Unreasonable Doubt and When the Sun Shone Brighter
Tale of two plays: Premieres prove that South Florida is fertile ground for playwrights.
``Unreasonable Doubt'' by Michael McKeever
8 p.m. Wednesday-Saturday, 2 p.m. Sunday; through June 6
Actors' Playhouse at the Miracle Theatre, 280 Miracle Mile, Coral Gables; 305-444-9293 or www.actorsplayhouse.org
$48 Friday-Saturday, $40 other performances
``When the Sun Shone Brighter'' by Christopher Demos-Brown
8 p.m. Wednesday-Saturday, 2 p.m. Wednesday and Saturday-Sunday; through June 20
Florida Stage, 262 S. Ocean Blvd., Manalapan; 800-514-3837 or www.floridastage.org
Michael McKeever's Unreasonable Doubt and Christopher Demos-Brown's When the Sun Shone Brighter offer further proof that South Florida is becoming a place where playwrights can practice their craft and get work produced.
Even promising scripts can wind up in what their authors call ``development hell'' -- readings, rewrites leading to more readings, maybe a workshop or a higher-profile reading at a festival. A full production? That's a playwright's golden ticket.
Unreasonable Doubt, a thriller that will premiere at Actors' Playhouse, and When the Sun Shone Brighter, a set-in-Miami political play that will debut two counties north at Florida Stage in Manalapan, have a shared history. In 2008, Actors' Playhouse put out a call to Florida playwrights to submit new scripts for a ``Page to Stage'' contest. Unreasonable Doubt and When the Sun Shone Brighter won and got staged readings and talk-backs on the same day.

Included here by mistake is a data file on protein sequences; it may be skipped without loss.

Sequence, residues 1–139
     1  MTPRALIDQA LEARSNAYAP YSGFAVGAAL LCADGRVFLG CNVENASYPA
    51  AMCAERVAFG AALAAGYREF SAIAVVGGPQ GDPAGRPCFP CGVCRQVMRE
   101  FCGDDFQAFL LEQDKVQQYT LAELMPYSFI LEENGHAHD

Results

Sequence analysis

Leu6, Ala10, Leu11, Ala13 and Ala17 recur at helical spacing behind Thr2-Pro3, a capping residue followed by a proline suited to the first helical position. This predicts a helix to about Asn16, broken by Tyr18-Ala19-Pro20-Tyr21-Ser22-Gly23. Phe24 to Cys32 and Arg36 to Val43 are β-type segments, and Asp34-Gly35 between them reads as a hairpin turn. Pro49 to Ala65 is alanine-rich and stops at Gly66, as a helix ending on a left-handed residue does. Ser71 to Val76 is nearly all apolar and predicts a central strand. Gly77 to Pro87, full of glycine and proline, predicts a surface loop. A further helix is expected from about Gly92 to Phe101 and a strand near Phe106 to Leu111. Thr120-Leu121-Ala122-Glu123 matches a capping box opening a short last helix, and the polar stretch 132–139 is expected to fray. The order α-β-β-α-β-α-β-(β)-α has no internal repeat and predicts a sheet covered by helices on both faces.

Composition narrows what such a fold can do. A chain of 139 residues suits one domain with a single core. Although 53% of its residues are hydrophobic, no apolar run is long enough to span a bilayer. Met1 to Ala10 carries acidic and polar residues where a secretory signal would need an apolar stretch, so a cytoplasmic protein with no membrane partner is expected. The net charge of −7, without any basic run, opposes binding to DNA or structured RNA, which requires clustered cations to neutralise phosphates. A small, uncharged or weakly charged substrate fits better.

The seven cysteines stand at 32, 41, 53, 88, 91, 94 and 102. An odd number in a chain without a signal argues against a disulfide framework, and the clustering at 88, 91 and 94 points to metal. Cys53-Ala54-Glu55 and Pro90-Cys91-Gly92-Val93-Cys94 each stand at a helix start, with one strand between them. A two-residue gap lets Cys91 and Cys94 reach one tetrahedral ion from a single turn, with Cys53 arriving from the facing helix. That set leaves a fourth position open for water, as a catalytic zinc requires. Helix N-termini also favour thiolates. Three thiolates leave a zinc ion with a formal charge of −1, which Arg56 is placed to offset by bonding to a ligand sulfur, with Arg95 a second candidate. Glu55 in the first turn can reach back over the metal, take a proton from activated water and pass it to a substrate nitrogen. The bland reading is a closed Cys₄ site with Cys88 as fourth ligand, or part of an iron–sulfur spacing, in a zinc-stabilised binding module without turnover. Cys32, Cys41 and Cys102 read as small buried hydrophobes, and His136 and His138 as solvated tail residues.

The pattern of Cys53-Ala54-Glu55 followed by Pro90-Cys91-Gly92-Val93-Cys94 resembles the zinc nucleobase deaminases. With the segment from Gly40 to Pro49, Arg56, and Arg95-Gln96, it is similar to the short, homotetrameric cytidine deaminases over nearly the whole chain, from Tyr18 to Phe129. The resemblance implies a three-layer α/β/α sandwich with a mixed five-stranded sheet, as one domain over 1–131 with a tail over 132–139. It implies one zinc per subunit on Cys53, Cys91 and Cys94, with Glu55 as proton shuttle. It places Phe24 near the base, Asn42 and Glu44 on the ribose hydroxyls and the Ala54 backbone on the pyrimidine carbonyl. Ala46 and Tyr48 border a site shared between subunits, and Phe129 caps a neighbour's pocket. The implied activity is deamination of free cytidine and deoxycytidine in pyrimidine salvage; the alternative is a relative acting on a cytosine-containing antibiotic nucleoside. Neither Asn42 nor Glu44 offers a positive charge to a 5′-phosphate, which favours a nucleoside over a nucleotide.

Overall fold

McKeever's play is an intense, straightforward thriller about a grieving father who decides to seek vengeance after his young daughter is murdered. The killer is dead, shot by police. So the father goes after the defense attorney who got the murderer off in a previous case, leaving him free to strike again.
Demos-Brown's drama is steeped in Miami politics. His script follows the story of a charismatic Miami-Dade County mayor, a handsome Cuban-American getting ready to run for a retiring U.S. senator's seat. Yet issues at odds with the mayor's picture-perfect persona -- a secret lover, a kid in rehab, the real circumstances surrounding the murder of his high-profile Cuban-exile father -- threaten to derail his future.
Demos-Brown, who says one spark for his play was a 2006 Miami Herald story about a detective who tried to get the cold-case murder of her Cuban exile father reopened, says he's thrilled to have When the Sun Shone Brighter produced at Florida Stage.
Both plays have crackerjack casts of predominantly South Florida actors who relish the chance to originate roles. Dan Domingues, who plays the mayor in When the Sun Shone Brighter, and Broadway veteran (and former Tony Award nominee) John Herrera, who plays a savvy Cuban-American political operative, are the only performers without South Florida ties, and each has had a different experience as he burrowed into Demos-Brown's play.
The cast of McKeever's play is loaded with winners of South Florida's top acting honor, the Carbonell Award: Gordon McConnell, Barbara Bradshaw, Antonio Amadeo, Terry Hardcastle, Patti Gardner (student actor Sandi Jean is also in the cast). Most are new to McKeever's work, but some have performed with him -- in fact, McKeever has appeared in the Caldwell Theatre Company's production of Lisa Loomer's Distracted throughout Unreasonable Doubt rehearsals.
McKeever and his partner Stuart Meltzer, a director and teacher, are friends with Demos-Brown and his wife. The couples plan to see each other's plays together, but, more important, they're working on a theatrical venture they won't yet discuss. If their plan comes to pass, South Florida playwrights will have one more route out of development hell.
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